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Thursday, August 1, 2019


(Left: “Head” 1999 - Charcoal on Paper by Albert Adams)

The KZNSA Gallery will present the opening of Making Meaning - the art of Albert Adams (1929 - 2006) on August 6, 2019, at 17h30 for 18h00. There will be a walkabout and book launch on August 7 at 12h30.

'Between Dreams and Realities: A History of the South African National Gallery, 1871 - 2017" by Marilyn Martin. Between Dreams and Realities tells the engaging story of South Africa's pre-eminent art museum, and revisits important exhibitions, events and controversies. The foreword is written by Albie Sachs.

The title of this survey exhibition is inspired by Crain Soudien in his Foreword to Elza Miles’ 2019 biography, An invincible spirit: Albert Adams and his art. Soudien describes making meaning as the “central impulse” in Adams’ life and his art. Although he excelled at art from a very young age, growing up as a mixed-race youth in Cape Town was not easy. His application to study at the Michaelis School of Fine Art, University of Cape Town, was denied due to the colour of his skin. Fortunately, his talent was recognised and nurtured by individuals, while his training and exposure to some of the great artists, thinkers, and writers of the 20th century provided the solid foundation from which he could forge his own style.

This exhibition celebrates the 90th anniversary of Adams’ birth and it spans more than 50 years. Moreover, his grandfather arrived in Durban as an indentured labourer and it was Adams’ dream to exhibit in this city. The KZNSA is fulfilling that dream. The paintings, drawings, and prints on the show reveal his prodigious talent, as well as the instinctive expressionism, charged with social awareness and commitment, which would characterise his work from beginning to end.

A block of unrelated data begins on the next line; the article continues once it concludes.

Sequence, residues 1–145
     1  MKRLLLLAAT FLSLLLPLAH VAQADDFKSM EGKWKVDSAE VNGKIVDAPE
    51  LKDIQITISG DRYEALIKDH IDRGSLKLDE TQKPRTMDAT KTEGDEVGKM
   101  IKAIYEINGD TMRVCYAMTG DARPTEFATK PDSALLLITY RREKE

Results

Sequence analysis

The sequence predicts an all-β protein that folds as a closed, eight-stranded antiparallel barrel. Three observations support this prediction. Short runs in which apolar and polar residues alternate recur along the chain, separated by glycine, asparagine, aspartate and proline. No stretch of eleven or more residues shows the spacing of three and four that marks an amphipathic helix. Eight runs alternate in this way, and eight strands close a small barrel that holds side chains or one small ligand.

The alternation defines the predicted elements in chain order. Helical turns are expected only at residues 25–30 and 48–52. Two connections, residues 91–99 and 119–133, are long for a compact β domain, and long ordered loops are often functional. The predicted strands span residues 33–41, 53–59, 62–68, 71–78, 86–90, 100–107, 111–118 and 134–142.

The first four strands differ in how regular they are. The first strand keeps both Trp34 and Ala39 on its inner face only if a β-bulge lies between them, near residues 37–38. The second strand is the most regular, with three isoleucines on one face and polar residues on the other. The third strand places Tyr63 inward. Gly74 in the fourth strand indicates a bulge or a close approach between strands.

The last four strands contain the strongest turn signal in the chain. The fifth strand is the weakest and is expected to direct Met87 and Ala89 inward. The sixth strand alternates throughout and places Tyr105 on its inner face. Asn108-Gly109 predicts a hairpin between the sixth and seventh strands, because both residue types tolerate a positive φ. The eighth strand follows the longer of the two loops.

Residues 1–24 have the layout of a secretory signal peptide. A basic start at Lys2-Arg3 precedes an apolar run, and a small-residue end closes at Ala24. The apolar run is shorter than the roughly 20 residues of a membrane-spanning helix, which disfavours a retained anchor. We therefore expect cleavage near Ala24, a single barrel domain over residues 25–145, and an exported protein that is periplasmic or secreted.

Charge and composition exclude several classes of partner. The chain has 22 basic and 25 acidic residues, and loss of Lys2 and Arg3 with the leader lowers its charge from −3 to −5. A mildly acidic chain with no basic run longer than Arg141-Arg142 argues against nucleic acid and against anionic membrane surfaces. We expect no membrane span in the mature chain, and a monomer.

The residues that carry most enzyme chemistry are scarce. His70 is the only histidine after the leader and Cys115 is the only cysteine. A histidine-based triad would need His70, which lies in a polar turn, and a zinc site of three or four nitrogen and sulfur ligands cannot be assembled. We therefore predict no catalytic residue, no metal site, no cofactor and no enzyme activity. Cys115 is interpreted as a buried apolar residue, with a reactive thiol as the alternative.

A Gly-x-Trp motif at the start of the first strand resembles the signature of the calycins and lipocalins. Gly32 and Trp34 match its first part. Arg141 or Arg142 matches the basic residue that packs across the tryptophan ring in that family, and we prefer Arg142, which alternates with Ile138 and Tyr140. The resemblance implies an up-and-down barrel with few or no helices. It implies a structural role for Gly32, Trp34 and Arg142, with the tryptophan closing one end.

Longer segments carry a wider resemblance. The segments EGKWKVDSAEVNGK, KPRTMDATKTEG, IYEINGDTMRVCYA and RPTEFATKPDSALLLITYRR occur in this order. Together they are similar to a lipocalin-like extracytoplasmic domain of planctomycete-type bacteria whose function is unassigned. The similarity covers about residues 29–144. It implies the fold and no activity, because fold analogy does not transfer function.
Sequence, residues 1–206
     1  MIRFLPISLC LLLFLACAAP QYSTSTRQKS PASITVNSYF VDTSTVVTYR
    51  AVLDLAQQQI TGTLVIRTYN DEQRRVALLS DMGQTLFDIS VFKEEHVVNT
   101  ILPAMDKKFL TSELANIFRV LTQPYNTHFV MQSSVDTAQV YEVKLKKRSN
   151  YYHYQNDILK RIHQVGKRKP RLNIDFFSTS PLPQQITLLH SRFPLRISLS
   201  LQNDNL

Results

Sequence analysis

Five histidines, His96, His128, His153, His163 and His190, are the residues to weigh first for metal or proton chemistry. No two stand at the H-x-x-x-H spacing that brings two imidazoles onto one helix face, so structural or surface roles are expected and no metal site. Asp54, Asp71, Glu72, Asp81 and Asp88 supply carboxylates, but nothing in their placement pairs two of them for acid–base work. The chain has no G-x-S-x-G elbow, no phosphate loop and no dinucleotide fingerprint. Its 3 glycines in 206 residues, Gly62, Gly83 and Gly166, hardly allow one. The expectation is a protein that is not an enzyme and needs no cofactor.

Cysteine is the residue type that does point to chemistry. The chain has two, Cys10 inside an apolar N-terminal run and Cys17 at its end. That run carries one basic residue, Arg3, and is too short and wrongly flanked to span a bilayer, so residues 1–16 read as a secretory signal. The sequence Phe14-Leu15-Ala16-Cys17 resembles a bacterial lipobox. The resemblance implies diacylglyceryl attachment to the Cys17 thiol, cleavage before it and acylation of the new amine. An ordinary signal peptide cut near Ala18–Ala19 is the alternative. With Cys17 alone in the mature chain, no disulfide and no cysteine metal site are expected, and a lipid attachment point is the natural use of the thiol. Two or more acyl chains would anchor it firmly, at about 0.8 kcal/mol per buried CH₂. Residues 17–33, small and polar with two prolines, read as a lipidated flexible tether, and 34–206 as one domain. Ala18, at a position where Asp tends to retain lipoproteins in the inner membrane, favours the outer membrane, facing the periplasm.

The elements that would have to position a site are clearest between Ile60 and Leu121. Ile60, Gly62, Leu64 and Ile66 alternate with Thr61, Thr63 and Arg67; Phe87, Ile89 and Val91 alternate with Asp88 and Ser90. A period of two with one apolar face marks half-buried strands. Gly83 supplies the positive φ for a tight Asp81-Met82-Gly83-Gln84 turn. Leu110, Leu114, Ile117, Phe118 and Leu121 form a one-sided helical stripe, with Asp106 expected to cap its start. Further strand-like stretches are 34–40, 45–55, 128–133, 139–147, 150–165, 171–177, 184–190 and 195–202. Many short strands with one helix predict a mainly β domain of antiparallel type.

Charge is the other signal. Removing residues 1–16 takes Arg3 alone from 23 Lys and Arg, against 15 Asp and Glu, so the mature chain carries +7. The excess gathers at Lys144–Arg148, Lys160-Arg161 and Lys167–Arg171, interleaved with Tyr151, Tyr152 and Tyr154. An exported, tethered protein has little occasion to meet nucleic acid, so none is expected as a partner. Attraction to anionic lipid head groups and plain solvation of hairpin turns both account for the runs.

(Right: “Celebration Head” 2000 – Oil on Canvas by Albert Adams)

Although Adams did not subscribe to any religious denomination, he was deeply spiritual and religious subjects feature in his work (Crucifixion, c. 1950; Mosque, 1959). More often than not, he explored and developed his chosen themes in series. The Prisoners or Incarceration series was a particularly poignant one for him. The invisible but equally powerful shackles of apartheid South Africa, the visible imprisonments on Robben Island and the torture chambers of Abu Ghraib in Iraq are manifested in the drawing Prisoner (Incarceration Series) of 1999 and the monumental painting Abu Ghraib Figure, 2004. The series in which apes or ape-like creatures feature date from 1969 and Adams returned to the theme in 2001. The majority of these works are in black and white and his drawings and etchings are characterised by a powerful gestural quality and intense mark-making. 

Adams called himself a Londoner and engaged with genocide, natural disasters, and atrocities perpetrated across the globe, but he frequently returned to the country of his birth. After 1994, he explored the challenges, dangers, and threats that came with political change, compelling the viewer to see and share the disillusionment of the downtrodden and marginalised. The Celebration series forms a major part of his output, especially from 1999 to 2004. While alluding to the Kaapse Klopse (Cape Minstrels) – the New Year celebration held on January 2 – the drawings and paintings are anything but jolly, festive, celebratory works; on the contrary, the mask-like, distorted faces are angry and menacing – the dark side of ‘carnival’ and of life.

Adams’ identity and vision were forged in the crucible of apartheid but his range was universal and timeless, and his work, spirit and search for meaning speak to all of humanity – across borders and beyond his lifetime.

Making Meaning - the art of Albert Adams runs from August 6 to September 1, 2019. The KZNSA Gallery is situated at 166 Bulwer Road, Glenwood, in Durban. More information on 031 277 1705 or cell 082 220 0368 or visit